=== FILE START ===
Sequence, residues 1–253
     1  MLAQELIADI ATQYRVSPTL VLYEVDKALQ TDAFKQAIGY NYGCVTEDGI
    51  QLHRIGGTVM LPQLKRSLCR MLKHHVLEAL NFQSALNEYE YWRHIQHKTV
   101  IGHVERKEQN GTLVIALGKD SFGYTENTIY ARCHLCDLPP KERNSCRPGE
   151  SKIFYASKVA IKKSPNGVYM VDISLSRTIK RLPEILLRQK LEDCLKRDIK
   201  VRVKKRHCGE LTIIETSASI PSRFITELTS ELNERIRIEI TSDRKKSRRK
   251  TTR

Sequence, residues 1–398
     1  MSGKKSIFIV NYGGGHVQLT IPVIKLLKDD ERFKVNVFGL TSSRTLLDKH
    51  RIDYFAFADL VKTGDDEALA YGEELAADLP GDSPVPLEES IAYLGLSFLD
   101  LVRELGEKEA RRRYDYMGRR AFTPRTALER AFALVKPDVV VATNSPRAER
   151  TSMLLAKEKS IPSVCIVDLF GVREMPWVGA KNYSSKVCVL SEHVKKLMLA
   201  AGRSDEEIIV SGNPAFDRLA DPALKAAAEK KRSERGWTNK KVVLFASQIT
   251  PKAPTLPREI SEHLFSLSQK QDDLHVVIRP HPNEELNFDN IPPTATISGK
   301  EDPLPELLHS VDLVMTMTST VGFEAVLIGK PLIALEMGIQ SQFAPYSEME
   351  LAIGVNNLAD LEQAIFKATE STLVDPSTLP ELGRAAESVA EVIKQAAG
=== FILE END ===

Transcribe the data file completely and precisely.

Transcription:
Sequence, residues 1–253
     1  MLAQELIADI ATQYRVSPTL VLYEVDKALQ TDAFKQAIGY NYGCVTEDGI
    51  QLHRIGGTVM LPQLKRSLCR MLKHHVLEAL NFQSALNEYE YWRHIQHKTV
   101  IGHVERKEQN GTLVIALGKD SFGYTENTIY ARCHLCDLPP KERNSCRPGE
   151  SKIFYASKVA IKKSPNGVYM VDISLSRTIK RLPEILLRQK LEDCLKRDIK
   201  VRVKKRHCGE LTIIETSASI PSRFITELTS ELNERIRIEI TSDRKKSRRK
   251  TTR

Sequence, residues 1–398
     1  MSGKKSIFIV NYGGGHVQLT IPVIKLLKDD ERFKVNVFGL TSSRTLLDKH
    51  RIDYFAFADL VKTGDDEALA YGEELAADLP GDSPVPLEES IAYLGLSFLD
   101  LVRELGEKEA RRRYDYMGRR AFTPRTALER AFALVKPDVV VATNSPRAER
   151  TSMLLAKEKS IPSVCIVDLF GVREMPWVGA KNYSSKVCVL SEHVKKLMLA
   201  AGRSDEEIIV SGNPAFDRLA DPALKAAAEK KRSERGWTNK KVVLFASQIT
   251  PKAPTLPREI SEHLFSLSQK QDDLHVVIRP HPNEELNFDN IPPTATISGK
   301  EDPLPELLHS VDLVMTMTST VGFEAVLIGK PLIALEMGIQ SQFAPYSEME
   351  LAIGVNNLAD LEQAIFKATE STLVDPSTLP ELGRAAESVA EVIKQAAG